He said Ukrainian experts in Iran had gathered such evidence despite apparent Iranian efforts to complicate the investigation, including by sweeping debris into piles rather than carefully documenting it.

“When a catastrophe happens, everything is supposed to stay in its place,” he said. “Every element is described, every element is photographed, every element is fixed in terms of its location and coordinates. To our great regret, this was not done.”


Zelenskiy’s office posted on Facebook photos of what appeared to be shrapnel damage on the plane wreckage and a Canadian man’s passport showing piercings about half an inch in diameter — consistent with the hypothesis that shrapnel from a missile hit the plane.

“We expect Iran to assure its readiness for a full and open investigation, to bring those responsible to justice, to return the bodies of the victims, to pay compensation, and to make official apologies through diplomatic channels,” Zelenskiy said in a post on his Facebook page. “We hope that the investigation will continue without artificial delays and obstacles.”

The official reaction from Iran was a mix of contrition and suggestions that the tragedy should be viewed as a consequence of US hostility.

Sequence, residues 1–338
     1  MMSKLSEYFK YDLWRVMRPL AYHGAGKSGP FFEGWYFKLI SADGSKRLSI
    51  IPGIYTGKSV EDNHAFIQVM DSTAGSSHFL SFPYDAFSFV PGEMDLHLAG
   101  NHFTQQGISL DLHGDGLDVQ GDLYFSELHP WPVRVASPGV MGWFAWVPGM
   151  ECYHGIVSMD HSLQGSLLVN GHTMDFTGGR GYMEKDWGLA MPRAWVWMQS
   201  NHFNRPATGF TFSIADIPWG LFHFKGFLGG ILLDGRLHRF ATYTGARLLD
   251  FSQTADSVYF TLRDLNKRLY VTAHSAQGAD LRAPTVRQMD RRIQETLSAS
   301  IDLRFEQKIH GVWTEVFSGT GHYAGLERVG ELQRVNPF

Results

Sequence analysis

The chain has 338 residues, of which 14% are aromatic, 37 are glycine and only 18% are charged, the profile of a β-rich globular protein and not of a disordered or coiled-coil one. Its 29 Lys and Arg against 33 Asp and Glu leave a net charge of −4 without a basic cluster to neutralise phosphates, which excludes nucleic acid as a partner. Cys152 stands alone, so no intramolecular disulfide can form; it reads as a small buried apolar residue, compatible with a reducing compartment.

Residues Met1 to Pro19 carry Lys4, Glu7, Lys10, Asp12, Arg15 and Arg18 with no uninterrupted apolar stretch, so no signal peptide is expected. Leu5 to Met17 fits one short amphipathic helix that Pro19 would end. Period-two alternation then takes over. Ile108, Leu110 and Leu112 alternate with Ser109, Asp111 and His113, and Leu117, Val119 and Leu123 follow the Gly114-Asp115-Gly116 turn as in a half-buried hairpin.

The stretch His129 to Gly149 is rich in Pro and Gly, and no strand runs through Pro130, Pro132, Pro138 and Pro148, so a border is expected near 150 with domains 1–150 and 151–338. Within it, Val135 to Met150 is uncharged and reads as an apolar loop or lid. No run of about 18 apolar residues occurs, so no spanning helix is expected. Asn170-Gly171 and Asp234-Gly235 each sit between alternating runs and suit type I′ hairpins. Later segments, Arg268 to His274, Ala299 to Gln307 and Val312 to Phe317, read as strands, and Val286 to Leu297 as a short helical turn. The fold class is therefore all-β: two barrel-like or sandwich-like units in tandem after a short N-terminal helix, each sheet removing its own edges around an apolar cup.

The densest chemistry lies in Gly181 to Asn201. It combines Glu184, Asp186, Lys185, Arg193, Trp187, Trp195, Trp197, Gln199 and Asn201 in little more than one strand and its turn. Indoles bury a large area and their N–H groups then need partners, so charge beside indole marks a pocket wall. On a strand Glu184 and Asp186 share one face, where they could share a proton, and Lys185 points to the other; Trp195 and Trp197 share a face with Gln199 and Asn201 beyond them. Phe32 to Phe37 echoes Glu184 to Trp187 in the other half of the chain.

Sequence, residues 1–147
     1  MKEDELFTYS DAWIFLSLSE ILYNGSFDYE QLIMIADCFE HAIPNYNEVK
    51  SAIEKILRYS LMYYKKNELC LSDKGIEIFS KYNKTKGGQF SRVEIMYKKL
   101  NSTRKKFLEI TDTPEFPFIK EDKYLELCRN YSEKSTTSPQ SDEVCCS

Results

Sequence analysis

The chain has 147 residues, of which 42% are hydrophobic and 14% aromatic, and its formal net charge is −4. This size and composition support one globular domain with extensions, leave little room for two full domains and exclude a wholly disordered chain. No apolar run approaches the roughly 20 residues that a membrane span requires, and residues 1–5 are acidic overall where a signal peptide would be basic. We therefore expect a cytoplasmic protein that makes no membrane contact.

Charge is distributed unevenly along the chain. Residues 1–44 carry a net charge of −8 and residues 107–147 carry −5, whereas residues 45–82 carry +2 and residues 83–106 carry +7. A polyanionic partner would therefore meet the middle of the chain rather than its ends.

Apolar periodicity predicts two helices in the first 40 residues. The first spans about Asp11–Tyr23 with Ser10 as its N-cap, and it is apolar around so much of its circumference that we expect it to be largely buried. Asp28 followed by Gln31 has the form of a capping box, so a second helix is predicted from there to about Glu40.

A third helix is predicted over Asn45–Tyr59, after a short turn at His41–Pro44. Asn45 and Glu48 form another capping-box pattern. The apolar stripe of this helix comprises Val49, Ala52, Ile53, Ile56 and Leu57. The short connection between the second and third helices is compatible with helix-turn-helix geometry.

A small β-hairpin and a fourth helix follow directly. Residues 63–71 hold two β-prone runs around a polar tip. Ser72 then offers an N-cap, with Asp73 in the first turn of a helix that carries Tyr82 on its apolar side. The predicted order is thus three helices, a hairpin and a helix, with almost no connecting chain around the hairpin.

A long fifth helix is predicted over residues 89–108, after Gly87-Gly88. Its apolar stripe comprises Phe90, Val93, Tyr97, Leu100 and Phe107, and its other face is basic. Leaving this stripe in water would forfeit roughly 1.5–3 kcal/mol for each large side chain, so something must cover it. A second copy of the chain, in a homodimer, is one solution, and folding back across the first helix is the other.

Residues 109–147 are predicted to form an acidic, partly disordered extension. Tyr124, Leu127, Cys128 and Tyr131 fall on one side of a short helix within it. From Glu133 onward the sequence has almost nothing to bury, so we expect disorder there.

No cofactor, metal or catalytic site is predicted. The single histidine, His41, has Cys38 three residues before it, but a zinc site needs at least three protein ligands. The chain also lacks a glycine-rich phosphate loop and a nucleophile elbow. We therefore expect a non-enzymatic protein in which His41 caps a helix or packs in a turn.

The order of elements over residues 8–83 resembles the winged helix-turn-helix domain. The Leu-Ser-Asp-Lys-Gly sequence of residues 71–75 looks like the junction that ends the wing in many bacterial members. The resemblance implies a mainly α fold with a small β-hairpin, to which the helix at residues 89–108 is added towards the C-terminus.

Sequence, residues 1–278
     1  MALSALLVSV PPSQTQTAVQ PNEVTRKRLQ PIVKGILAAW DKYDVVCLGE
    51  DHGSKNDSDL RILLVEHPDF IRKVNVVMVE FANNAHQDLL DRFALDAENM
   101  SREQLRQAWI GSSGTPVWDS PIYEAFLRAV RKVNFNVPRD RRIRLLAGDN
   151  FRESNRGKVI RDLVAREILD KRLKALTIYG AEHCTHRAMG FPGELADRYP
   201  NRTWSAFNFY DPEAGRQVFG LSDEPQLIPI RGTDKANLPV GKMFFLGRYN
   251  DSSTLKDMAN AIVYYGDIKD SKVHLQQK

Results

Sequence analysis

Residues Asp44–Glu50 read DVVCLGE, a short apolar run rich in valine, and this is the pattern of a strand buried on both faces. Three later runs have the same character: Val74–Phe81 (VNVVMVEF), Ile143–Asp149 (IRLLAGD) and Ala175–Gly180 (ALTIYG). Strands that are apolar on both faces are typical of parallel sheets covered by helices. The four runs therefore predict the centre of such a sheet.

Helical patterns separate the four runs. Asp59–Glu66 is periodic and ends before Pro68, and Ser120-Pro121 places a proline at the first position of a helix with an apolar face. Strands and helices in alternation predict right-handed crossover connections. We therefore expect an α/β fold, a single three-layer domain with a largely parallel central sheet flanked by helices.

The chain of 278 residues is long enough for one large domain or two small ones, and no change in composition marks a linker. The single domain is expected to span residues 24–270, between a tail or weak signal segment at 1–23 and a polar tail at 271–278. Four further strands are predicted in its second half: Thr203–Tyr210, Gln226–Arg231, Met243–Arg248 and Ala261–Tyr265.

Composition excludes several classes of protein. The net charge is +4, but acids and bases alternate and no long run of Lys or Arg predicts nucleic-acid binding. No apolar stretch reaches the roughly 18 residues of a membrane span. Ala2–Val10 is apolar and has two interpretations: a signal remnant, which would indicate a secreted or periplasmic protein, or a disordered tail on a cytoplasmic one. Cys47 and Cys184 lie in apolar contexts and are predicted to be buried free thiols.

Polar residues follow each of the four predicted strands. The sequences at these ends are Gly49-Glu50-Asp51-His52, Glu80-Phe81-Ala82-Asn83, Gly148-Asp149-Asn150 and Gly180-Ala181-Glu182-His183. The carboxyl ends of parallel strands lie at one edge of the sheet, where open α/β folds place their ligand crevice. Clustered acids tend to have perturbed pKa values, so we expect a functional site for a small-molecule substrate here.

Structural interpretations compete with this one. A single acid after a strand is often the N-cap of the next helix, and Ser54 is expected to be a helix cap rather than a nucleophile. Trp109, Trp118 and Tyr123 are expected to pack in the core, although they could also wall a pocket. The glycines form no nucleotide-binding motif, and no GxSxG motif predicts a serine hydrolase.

Iran’s foreign minister, Mohammad Javad Zarif, wrote that “Human error at time of crisis caused by US adventurism led to disaster.”

Rouhani, in a statement cited by the Fars News Agency, offered condolences to the victims’ families and said that “the terrible catastrophe should be thoroughly investigated.”

The Iranian expressions of remorse were met with frustration by Ukrainian aviation officials who had been struggling since the crash to get meaningful information from Iran about what had actually happened.

“Even in the statement of Iran there is a hint that our crew was acting independently, or that it could have acted differently,” said the airline director, Yevhenii Dykhne.

The crew received no warning before leaving Tehran, the Ukrainian officials said. The plane followed the same departure routes as other airliners leaving that morning, Ihor Sosnovsky, the vice president for flight operations, told journalists.


“There was no deviation from any routes that some are hinting at,” he said.

Hajizadeh, the Iranian official who accepted responsibility, said the plane had been misidentified as a cruise missile and was shot down with a short-range missile that exploded near the plane.